From the team's inception, The Avengers have always been known as Earth's Mightiest Heroes. In recent years -- and as recently as the last issue of the previous run -- pretty much anyone who could call themselves a superhero, mighty or otherwise, had also taken up the mantle.
Not that there's anything wrong with that, but Jason Aaron and Ed McGuinness address that very notion in Marvel's latest Avengers #1. While the issue features a wide array of characters who have called themselves an Avenger, Aaron ensures that attention is brought to the triumvirate of heroes who have traditionally served as the backbone of the team. Thor, Iron Man and Captain America have long been considered the team's founding fathers -- despite Cap still being frozen in the North Atlantic when they formed. And for the first time in a while, the original incarnations of all three characters are around at the same time to focus on the mission, and legacy, of their team.
Speaking of which, the issue is a sort of continuation of last year's Marvel Legacy one-shot, which attempted to affirm a place for the publisher's classic heroes among the modern ones. Avengers #1 actually accomplishes that goal better than the uneven one-shot anthology did, as Aaron establishes that, yes -- the world needs The Avengers, and always will, but what constitutes the team can always be cautiously fluid. This is addressed both in the Big Three's informal discourse, and in the cast of characters who appear in the issue -- presumably in preparation for involvement later on.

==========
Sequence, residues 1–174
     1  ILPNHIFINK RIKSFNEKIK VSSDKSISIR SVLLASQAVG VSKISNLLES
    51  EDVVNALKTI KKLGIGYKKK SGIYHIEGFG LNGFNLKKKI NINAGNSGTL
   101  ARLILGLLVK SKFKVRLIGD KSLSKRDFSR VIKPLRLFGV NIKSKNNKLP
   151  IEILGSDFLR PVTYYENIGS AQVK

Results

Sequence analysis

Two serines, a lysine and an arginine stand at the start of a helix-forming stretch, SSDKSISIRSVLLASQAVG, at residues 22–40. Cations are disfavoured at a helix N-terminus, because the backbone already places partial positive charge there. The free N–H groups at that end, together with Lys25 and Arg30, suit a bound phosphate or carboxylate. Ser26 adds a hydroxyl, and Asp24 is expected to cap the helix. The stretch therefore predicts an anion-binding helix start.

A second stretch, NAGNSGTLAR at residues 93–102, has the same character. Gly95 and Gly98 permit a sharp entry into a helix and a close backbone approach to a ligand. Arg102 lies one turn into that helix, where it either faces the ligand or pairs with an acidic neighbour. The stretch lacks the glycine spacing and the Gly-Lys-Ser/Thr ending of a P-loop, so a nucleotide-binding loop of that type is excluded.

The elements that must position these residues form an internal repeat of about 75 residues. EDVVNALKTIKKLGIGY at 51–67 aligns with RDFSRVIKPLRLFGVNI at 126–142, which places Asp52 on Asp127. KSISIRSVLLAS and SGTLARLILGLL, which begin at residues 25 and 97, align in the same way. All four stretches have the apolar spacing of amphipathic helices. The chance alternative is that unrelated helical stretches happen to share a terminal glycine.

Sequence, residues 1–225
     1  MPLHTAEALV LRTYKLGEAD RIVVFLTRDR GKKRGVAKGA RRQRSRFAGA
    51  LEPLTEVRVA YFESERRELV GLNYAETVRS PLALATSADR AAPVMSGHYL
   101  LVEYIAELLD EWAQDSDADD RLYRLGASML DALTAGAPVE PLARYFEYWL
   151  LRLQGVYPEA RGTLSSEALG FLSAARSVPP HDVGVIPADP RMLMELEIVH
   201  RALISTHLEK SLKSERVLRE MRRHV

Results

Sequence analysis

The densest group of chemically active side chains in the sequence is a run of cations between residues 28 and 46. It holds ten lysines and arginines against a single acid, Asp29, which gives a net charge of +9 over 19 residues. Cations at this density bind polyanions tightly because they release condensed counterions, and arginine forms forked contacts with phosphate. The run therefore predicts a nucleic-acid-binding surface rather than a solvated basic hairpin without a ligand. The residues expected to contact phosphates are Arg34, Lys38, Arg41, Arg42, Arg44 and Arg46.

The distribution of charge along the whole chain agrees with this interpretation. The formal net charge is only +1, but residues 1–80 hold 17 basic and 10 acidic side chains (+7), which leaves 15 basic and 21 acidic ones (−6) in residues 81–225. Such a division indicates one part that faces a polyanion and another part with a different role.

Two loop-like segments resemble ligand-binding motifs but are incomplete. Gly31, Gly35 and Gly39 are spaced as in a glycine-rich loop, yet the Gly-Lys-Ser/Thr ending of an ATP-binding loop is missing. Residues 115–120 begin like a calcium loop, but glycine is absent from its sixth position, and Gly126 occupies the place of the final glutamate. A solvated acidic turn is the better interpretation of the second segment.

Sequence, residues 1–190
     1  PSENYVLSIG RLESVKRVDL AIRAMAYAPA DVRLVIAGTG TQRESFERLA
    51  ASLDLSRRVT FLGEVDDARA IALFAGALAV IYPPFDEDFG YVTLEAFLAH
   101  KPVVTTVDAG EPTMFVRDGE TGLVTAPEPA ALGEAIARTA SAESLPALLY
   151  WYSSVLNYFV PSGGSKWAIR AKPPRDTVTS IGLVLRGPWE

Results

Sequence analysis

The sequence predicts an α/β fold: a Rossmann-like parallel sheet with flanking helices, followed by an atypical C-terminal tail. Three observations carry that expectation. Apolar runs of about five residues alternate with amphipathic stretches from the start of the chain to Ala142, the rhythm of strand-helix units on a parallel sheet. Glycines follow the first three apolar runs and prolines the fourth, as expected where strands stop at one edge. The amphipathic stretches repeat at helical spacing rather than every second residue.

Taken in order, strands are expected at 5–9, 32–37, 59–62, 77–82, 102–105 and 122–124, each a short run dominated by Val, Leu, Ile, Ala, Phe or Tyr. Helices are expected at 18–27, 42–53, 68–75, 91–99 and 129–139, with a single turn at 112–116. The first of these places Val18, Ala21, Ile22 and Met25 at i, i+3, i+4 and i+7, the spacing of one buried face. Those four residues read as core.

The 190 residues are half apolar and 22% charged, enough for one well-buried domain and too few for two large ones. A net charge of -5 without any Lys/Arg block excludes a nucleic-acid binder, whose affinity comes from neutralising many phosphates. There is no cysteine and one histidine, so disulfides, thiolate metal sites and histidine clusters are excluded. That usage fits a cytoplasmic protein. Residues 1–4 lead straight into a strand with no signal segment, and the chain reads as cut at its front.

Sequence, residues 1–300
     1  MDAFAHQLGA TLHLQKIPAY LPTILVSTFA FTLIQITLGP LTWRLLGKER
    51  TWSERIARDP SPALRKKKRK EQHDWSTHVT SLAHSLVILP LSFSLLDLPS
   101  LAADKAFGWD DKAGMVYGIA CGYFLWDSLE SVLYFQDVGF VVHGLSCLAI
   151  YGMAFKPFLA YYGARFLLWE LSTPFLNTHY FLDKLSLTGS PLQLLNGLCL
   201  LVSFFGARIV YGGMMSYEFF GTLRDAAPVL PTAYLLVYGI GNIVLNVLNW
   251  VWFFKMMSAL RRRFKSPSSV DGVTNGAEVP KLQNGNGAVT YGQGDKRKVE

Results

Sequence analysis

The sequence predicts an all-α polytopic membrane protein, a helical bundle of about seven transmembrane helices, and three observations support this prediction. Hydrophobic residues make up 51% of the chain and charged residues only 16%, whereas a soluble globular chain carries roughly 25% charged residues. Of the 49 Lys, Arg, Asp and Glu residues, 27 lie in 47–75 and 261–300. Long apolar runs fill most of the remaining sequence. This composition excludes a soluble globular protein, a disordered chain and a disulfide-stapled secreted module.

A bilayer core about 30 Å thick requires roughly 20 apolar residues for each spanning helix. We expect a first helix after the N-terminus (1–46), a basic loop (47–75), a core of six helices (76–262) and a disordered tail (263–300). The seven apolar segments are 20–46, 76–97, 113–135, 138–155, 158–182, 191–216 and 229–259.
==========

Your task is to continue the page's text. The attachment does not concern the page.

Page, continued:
Going back to the team's earliest days, the one constant over the franchise's history has always been change. Periodic roster changes became the norm, even drastic ones. Characters who were unknowns, from other teams and even once on the wrong side of the law found a home in Avengers Mansion. And yes, at times, the notion of who should comprise a team known as Earth's Mightiest Heroes was sometimes forgotten over the team's half-century of existence. Gently acknowledging past mistakes, Aaron brings the team back to its roots, all while remembering its mission statement: to fight the foes no single superhero could withstand.
This issue features exactly that: a foe of untold might, and the budding formation of a team built to withstand it. So with Cap, Iron Man, and Thor leading the charge, readers are treated to both a nostalgic throwback to the core team of yesteryear, all while setting up the latest incarnation of the team for modern-day threats -- and modern-day audiences. Aaron gets that he doesn't need to roll back the clock to 1975, and also gets that those bygone eras were an important part of the team's history.
The cast is large, but manageable -- not every Marvel powerhouse makes an appearance, nor do they need to, but there are plenty enough to provide the kinds of all-star thrills that wowed viewers who just got back from seeing Avengers: Infinity War. McGuinness is clearly having a lot of fun bringing all of these thrills to life, capturing both the enormity of the cast, and the enormity of the threat it faces. He also nails the familiar comradery of three old friends throwing back a round of drinks -- a welcome site, even if they're not in costume.
Avengers #1 treads that delicate middle ground between the temptation of packing in too much, and focusing too hard on the team's longstanding nucleus. It also walks that line between embracing the future and honoring the past. If the team's only constant is change, the new series' introduction provides exactly the right amount of it.
The team will continue to withstand threats no single hero could in Avengers #2, on sale May 16.